From: China Daily
These years, the phrase "impoverished families can hardly nurture rich sons" has been frequently used in public opinions. In reports, for example, reporting the proportion of rural young people in the top universities is decreasing and the recruitment market is increasingly favoring urban youth seems to be common. However, while China’s population quality and education level has greatly improved, the gaps of material conditions and life experience are still large obstacles for "impoverished youth" to get ahead. Whether the situation is yet to be verified, the social anxiety of "Impoverished families can hardly nurture rich sons" is a reality.
Who are the "rich sons" in today’s societies? The word "rich" does not mean they have to get rich or to acquire a high social status. It represents the possibility of life progress and the opportunity to realize the value of life. The second generation of the riches and the officers are certainly accord with the traditional definition of "rich sons". However, if they do not have their own professional skills, neither are able to start a business with their own talents; so-called "rich" only stays superficially.
On the contrary, the impoverished youth who can start from scratch with their own efforts to create values to themselves and the society as a whole, the title of "rich sons" is inherently telling. As a representative of the outstanding graduates of Harvard University, one of China’s impoverished students, Jiang He, once mentioned his successful experience.
"Every time enter into a larger place and stand on a bigger platform, I always find that there are a lot of things that I have not understood," he said.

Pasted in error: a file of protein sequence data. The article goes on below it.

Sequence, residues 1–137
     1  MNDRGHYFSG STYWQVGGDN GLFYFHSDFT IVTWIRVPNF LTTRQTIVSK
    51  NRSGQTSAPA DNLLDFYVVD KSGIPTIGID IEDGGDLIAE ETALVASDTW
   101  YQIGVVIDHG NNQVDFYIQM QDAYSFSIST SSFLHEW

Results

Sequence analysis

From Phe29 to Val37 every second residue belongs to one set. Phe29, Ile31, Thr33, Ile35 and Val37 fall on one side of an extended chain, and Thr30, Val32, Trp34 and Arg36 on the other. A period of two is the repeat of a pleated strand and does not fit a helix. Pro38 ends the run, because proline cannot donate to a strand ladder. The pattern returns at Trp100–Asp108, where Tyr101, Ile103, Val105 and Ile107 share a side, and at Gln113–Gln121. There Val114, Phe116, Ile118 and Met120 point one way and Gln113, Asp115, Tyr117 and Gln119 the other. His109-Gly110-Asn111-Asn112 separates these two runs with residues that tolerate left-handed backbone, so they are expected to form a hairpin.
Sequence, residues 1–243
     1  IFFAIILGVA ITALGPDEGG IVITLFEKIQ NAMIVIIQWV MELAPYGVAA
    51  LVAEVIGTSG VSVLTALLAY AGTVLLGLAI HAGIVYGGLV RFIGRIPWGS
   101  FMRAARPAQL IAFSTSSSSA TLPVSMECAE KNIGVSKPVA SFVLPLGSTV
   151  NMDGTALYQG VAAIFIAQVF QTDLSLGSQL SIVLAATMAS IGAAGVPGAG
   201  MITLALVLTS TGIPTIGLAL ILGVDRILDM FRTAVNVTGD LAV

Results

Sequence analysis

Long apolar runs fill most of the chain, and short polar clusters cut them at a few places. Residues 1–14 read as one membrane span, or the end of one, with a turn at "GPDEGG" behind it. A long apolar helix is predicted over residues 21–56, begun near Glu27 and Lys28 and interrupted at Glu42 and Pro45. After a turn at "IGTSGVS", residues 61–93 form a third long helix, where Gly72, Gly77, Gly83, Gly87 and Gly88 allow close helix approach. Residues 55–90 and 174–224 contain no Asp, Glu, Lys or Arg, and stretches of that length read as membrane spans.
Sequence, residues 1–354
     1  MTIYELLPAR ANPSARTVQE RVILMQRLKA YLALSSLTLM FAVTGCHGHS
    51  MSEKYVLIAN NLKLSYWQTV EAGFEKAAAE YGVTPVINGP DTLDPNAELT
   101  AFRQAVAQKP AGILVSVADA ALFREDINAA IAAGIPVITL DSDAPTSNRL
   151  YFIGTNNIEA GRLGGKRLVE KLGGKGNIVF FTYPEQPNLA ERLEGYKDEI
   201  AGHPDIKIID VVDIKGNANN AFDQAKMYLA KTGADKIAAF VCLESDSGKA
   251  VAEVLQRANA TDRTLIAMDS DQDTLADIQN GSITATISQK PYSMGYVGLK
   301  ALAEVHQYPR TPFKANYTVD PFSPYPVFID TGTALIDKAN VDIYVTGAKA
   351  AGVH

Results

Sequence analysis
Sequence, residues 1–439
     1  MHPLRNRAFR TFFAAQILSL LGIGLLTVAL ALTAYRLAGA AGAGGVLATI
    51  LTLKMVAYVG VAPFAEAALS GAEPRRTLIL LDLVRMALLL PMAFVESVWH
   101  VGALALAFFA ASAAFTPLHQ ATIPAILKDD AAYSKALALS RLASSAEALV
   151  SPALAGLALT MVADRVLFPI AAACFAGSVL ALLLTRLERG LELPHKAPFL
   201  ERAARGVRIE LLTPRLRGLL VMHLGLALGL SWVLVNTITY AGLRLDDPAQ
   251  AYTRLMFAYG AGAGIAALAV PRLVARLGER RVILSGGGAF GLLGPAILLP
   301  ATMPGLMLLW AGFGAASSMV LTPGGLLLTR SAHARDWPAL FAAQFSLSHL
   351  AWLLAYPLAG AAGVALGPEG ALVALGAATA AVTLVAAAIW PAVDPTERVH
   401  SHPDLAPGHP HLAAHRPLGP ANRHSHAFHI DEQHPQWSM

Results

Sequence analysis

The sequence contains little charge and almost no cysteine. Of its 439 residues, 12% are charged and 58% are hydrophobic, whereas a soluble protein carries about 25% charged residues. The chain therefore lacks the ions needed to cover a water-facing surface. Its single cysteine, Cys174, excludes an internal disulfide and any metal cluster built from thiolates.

"My strong curiosity drives me to learn them to constantly make up my weaknesses."
At the same time, in an era that the internet culture is prosperous, the ways of the impoverished youth to counterattack become more pluralistic. A short time ago, Shenwei Shi, a young man from Hubei province, had a screen name "Banzhuanxiaowei". He attracted more than 1 million fans on the short video sharing platform, with a series of homemade high difficulty fitness video. This impoverished young man has moved countless netizens with his experience of growing from a left-behind child and a video-game addicted boy to a famous person with the continuous hard work in fitness to hone and change himself, which conveys positive energy to the society.
Today, many famous people on the internet, who have similar experience as "Banzhuanxiaowei", have realized their own value and have transmitted positive energy to the social progress with the access of the internet. Some people exclaim Shenwei’s tenacity, modesty and simplicity are the luxuries of this era. He is a true "rich son" who truly belongs to today. It is undeniable the spread of the flat internet has opened a life-changing window for many impoverished young people and has created another possibility of life.
Modern social scientific research shows a person’s success is closely related to the social trust and social support that the person gains. Family background, education background and work platform do influence a person’s growth path. However, in an era with the pluralism in values and flat transmission channels, the term "rich son" had more abundant implications. In the meantime, "powerful circle of friends", which is composed based on internet, also can provide strong social support to help impoverished youth be successful.
A popular speech pervading on the internet, "Impoverished family, rich sons", contains a passage – "Most of us are not from rich families. We are all on our own. So, you have to believe what destiny means to tell you and when it has given you a lower starting point is to let you use your life to create a story of comebacks."
It is not chicken soup for the soul, but proposes a critical question. In such an era with infinite possibilities, the topic of whether impoverished families can have "rich sons" is not a topic of "fate" but a story about "struggle".
Gao Wei, a fellow at the Center for China and Globalization (CCG) and a researcher at the State Administration of Press, Publication, Radio, Film and Television of China.
From China Daily，2017-9-3